Car repair in disrepair
Motel Zero and the Horndog

Scenic Highway

If you find abandoned buildings, vehicles, and discarded furniture scenic, then Scenic Highway lives up to its name.


Co-explorer Kara and I arrived in this unfamiliar part of town on bicycle with her dog, Miss Lola Mae, trotting alongside for protection. 


As Kara, another newcomer by way of North Carolina, observed, it looks almost Caribbean here sometimes. I've never been, but knew what she meant.


The money shot of the day was found just past the corrugated-metal building on the left, and is found here after the jump. 

OK, this isn't it.


This isn't quite it yet.


This is.


I really need to get a banner made for this blog, and that should be involved. Anyone? Where's my intern?


You really know you're from the Northeast when a Spirit of '76- themed bus with "Baton Rouge, La." painted on it still puts this jingle in your head.


Whew! That was exhausting. Time for a little resty-poo.


Or, to really let it all hang out, perhaps some time in the hot tub.


Just up the street is a former auto paint and body shop offering COMPLET BODY WORK and FREE ESTIMATES that according to the arrow are from on high.



We considered going into this green house which one time must have been lovely, set as it is in this grove of oaks, but decided hell no.


In the interest of brevity, I'll show you where we went instead (just as foolish, if not moreso) in the next post.


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My network firewall blocks out YouTube, so I have no idea what you've linked to. But my Northeastern mind immediately went to that old Massachusetts tourism ad: "The spirit of Massachusetts is the spirit of AMERICA! The spirit of the red, white and blue!"

Am I right? Do I win?



...As is anyone who visits scenic Massachusetts. The spirit of America. (TM)


I love how you have a "HOT TUB!" category. But I'm a bit afraid to click.


I thought I was your banner making 'tern?

I'm on it!


These posts make me want to buy some of these buildings and make them into a house for me. Except not in Baton Rouge.


I'm guessing Lovers Lane in BR is a lot different than the Lovers Lane in Princeton. The signs for LL in Princeton are twice as tall as normal street signs to stop the street sign thieves. I can always tell it's the street from a long distance by the crazy tall signs.


So I'm late to the game: Do people still own the property? Or is it just abandoned? I feel I have a calling.


Here the most stolen sign is from Manson Street.


I am intimately familiar with a couple of the photos in your essay. The first one, which has the steeple, is on the corner of North 19th and Spanish Town Rd. It was where I attended church from the time I was born, up until I was about a pre-teen. The congregation moved to a new church at that time. That was over three decades ago, but I still remember the distinctive stained glass colored windows.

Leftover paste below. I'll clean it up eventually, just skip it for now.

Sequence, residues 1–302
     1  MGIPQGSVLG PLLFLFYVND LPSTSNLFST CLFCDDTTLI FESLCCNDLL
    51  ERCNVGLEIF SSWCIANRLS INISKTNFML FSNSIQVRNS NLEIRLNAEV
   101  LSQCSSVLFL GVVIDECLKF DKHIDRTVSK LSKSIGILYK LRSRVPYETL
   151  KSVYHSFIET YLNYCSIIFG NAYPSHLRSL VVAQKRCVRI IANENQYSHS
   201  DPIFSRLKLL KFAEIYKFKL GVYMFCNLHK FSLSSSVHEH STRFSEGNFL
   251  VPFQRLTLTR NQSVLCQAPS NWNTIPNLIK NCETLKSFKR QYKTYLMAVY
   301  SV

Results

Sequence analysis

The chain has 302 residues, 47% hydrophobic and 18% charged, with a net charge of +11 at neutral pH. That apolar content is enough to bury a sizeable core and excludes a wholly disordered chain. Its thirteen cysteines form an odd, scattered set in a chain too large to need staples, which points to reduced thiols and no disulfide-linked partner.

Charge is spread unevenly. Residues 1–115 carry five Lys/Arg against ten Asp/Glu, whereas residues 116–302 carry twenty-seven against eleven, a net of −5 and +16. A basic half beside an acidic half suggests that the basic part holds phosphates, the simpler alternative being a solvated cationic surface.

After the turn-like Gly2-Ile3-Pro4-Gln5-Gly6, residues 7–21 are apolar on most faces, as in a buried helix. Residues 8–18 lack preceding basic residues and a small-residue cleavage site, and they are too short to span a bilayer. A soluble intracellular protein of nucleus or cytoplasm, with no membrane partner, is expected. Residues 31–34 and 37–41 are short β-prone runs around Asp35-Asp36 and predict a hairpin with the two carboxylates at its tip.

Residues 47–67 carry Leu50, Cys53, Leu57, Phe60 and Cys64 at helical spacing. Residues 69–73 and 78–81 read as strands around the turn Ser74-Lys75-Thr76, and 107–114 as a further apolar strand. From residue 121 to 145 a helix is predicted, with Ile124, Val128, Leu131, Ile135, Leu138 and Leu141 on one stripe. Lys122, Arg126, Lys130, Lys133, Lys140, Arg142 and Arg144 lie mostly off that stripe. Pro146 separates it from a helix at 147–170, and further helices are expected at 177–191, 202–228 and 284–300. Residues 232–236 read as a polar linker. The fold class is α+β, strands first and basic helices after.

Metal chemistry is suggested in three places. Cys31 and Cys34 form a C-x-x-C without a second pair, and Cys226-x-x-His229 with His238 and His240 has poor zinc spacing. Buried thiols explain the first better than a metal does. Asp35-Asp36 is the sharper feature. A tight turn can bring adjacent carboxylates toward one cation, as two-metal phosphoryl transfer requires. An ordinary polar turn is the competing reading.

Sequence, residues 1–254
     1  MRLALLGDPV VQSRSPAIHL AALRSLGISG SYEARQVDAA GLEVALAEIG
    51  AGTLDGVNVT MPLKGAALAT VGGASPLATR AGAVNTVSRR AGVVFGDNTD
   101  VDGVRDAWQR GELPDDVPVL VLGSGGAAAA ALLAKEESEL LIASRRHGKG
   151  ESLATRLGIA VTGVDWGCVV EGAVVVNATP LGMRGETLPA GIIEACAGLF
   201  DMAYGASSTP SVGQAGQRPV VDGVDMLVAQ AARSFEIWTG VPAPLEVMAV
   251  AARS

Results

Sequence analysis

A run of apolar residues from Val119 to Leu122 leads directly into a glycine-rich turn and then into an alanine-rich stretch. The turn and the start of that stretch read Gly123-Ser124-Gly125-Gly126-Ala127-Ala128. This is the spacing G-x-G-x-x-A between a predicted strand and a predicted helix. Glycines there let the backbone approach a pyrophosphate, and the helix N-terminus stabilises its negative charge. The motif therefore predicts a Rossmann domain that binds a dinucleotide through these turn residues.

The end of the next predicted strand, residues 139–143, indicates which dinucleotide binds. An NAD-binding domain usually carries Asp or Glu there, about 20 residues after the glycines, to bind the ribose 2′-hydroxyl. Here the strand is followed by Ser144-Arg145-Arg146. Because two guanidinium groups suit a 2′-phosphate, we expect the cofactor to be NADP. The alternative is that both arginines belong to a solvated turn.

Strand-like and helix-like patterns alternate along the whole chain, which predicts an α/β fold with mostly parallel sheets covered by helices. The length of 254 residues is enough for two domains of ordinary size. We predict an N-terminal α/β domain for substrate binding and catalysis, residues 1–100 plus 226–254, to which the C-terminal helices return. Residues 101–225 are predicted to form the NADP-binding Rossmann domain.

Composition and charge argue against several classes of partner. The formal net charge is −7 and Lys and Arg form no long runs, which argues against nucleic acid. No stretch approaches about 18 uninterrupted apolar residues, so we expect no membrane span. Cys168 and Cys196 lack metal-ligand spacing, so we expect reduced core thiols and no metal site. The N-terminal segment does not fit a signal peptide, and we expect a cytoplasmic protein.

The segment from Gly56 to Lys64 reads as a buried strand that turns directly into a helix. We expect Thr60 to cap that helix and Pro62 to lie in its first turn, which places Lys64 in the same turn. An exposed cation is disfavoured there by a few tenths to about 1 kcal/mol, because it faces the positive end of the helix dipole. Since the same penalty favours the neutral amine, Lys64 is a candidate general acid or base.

Another building was the yellow-white building currently used as a church. However, it was originally a small warehouse that provided non-perishable goods to most of the small, family-owned, convenience stores that were in the area. It was called Royal Specialty. I started work there, part-time, my Senior Year in High school and continued for my first three years of college at Southern U. Again, that was about 30 years ago.

There used to be a Duplessis Cadillac dealership directly across the street from the building. In fact thirty years ago, it was an area vibrant with business even though the area was rather low income. But the area was hit hard by the eighties (Reganomics) and never recovered.

Royal Specialty was owned and run by an Italian name George Campagna (whom employees addressed as Mr. George). It was a small operation run by the owner, one salesman, and one delivery/salesman. I was there temporary help and worked afternoons on Mondays, Tuesdays and Wednesdays. I bring this up just so I tag on an amusing story.

Once, the owner and the two other sales guys, hired a chemist to develop their own brand of cough syrup which they called “Layor” (Royal backwards). Once they had a supply of product, they sold it through the local stores which they already had supply contracts with. At first the sales were very slow, but suddenly there was a huge surge in demand. The sales were so great that the stores could not keep it in stock. And they all thought they were going to be very rich!

Well it turns out that the cough syrup’s active ingredient was codeine. So drug addicts (and probably some kids too) were buying up the stuff to get high. But also, it was genuinely very effective as a cough suppressant. Eventually, after a few months the FDA caught wind of the product and confiscated all the reaming bottles!

Bellingham Hot Tub

Very encouraging ideas and implementation. I am completely satisfied and agreed to your ideas. Thanks for having it here.

Henry garcia

..this reminds me off wild west !!!

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